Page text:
So I hope you’ll indulge my hubris and maybe find something meaningful here. I’ve always understood struggles to be opportunities to serve others. Nothing would please me more than for my blunders and foibles to light the way for someone a little less clumsy.

This Girl Is On Fire

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Tonight I’m celebrating the birthday of a new friend. I adore her. Everyone adores her. That really isn’t the story.

Every so often you run into those people who make you realize that whatever you’re prideful about, you really aren’t all that. You know that commercial with Rod Stewart and Rachel Hunter where she’s building a house and doing all this other amazing stuff?

That’s her. She’s equal parts Pink and Mary and MacGuyver. I always thought I was a good wife and mother but I am not even in the same universe as her.

And she does it all with a smile on her face, a hug for every soul who needs one, making friends and having fun and breathing life into every moment.

I really don’t have words to express how phenomenal she is, or how grateful I am to have her in my life.

Happy Birthday love. And thank you for helping my battered soul find a smile and a whole lot of peace.

 

The Roses In The Windowbox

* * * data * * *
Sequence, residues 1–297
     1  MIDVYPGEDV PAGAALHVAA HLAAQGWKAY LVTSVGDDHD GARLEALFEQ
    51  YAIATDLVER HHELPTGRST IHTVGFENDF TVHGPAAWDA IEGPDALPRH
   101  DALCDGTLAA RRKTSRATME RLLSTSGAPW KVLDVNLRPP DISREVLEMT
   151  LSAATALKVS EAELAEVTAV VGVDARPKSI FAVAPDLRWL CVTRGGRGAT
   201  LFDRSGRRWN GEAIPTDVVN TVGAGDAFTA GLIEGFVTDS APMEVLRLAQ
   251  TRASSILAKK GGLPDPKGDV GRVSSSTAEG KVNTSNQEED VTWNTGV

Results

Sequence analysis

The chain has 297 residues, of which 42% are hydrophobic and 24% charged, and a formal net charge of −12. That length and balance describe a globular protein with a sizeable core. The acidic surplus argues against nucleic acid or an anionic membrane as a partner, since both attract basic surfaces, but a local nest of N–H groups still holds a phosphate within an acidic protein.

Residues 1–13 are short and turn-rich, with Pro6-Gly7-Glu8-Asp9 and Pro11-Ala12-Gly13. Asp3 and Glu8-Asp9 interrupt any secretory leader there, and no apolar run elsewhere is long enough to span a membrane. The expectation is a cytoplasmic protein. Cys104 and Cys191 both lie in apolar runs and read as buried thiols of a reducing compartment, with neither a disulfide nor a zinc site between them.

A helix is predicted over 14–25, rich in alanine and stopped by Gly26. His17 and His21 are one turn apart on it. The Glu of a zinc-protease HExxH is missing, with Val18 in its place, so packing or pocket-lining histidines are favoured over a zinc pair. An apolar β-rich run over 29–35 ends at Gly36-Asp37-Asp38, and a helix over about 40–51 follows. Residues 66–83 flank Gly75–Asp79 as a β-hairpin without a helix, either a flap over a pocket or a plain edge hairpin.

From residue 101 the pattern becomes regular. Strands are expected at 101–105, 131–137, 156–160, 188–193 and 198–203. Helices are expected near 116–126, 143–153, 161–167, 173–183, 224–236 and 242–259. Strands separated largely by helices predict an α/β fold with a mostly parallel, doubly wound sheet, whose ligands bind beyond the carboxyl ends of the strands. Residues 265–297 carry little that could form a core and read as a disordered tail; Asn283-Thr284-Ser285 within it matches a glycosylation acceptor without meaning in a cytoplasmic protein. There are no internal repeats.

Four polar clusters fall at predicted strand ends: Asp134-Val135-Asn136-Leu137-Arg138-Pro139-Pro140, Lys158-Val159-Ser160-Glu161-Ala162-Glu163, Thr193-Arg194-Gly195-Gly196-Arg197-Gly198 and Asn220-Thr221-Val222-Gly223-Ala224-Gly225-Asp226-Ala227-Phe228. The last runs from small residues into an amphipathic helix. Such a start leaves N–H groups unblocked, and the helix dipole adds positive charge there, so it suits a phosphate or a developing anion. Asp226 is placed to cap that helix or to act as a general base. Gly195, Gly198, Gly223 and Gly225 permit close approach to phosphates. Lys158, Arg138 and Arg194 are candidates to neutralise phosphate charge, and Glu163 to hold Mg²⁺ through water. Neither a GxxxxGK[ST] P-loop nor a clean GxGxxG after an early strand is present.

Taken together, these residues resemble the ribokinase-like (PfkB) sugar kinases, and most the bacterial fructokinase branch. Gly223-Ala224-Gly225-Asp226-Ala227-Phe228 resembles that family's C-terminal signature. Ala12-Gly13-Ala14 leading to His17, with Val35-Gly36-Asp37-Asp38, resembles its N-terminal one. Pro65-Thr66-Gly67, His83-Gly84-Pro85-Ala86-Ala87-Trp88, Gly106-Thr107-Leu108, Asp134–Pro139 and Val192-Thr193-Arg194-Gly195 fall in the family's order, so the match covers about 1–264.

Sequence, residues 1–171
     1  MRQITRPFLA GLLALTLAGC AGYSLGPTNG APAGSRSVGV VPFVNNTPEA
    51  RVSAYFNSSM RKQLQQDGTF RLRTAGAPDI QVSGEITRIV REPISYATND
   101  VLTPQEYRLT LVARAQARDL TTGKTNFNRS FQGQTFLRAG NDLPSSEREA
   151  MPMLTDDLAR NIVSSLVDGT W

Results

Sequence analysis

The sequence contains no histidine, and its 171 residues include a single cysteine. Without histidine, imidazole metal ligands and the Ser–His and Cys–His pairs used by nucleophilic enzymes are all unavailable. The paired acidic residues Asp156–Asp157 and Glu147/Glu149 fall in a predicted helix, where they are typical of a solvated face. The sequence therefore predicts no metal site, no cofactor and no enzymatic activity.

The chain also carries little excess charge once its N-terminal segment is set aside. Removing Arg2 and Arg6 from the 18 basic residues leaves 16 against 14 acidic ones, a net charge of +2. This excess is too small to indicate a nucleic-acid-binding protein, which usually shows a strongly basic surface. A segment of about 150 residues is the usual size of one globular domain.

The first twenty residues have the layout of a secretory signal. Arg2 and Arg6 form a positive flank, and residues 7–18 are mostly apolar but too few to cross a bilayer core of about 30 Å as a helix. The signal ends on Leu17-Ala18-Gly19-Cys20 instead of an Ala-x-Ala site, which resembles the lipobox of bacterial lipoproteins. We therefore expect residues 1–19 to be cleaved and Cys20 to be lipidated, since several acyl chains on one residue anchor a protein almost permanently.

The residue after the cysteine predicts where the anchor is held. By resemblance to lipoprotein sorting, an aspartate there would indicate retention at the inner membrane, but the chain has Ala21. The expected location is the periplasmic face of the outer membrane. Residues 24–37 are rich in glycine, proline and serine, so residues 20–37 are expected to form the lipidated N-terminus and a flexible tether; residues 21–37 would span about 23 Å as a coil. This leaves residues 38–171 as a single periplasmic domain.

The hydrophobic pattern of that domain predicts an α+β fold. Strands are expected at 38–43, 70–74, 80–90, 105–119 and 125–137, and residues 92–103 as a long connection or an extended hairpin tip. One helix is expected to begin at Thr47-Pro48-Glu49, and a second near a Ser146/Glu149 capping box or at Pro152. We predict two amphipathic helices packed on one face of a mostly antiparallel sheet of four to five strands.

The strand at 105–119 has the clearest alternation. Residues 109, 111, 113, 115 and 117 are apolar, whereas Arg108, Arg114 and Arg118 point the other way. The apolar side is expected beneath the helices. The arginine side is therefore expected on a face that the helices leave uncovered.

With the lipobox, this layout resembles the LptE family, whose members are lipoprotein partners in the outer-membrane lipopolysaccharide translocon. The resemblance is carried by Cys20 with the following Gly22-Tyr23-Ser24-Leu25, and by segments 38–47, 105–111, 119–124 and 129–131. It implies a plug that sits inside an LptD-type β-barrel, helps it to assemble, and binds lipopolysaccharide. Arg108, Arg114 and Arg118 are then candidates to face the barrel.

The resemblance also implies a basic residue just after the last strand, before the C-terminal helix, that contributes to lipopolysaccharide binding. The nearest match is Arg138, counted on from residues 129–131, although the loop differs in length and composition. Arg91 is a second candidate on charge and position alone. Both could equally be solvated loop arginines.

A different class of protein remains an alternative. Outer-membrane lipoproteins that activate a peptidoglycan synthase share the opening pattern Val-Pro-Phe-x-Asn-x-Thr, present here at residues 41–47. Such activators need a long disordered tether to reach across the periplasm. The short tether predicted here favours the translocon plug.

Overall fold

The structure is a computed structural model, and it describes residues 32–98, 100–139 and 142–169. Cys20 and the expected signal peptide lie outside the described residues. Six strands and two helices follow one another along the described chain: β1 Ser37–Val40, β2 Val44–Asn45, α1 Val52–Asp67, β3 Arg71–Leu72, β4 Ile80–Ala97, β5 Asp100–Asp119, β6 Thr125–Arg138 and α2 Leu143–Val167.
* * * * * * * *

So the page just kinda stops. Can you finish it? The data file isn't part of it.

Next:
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I remember walking into my Grandmother’s living room. He was sitting in Grandpa’s chair. I don’t remember seeing him cry before or since, but he cried for a long time that day. He played Funeral for a Friend/Love Lies Bleeding again and again, tears silently streaming down his face. I remember trying to console him, feeling scared and powerless and overwhelmed by the loss of my Grandfather and any force that could impact my Father this way.

For my entire adult life I’ve had a copy of that album.

In the final stages of creating this blog I’ve found my heart so burdened. I’m picking off lots of barely healed scabs and opening lots of raw wounds. I’ve shed more than my share of tears. I have been playing this song so often lately. It’s funny that whenever my heart is heavy I need to hear it. It’s equal parts catharsis and visceral memory.

It’s interesting how those distant memories can so strongly impact our future, our ways of coping, and our perspectives.

I know I don’t say it enough, but some of the best parts of me I learned from you.

I love you Dad.

 

And I Your Willing Victim

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I know in my gut this won’t end well, but I’m still reeling. My 20 year marriage ended three short weeks ago after years of fighting to patch it together. I’m tired of doing the right thing, I’m tired of putting everyone else first, and most of all, I’m tired of trying to pretend to be someone I’m not.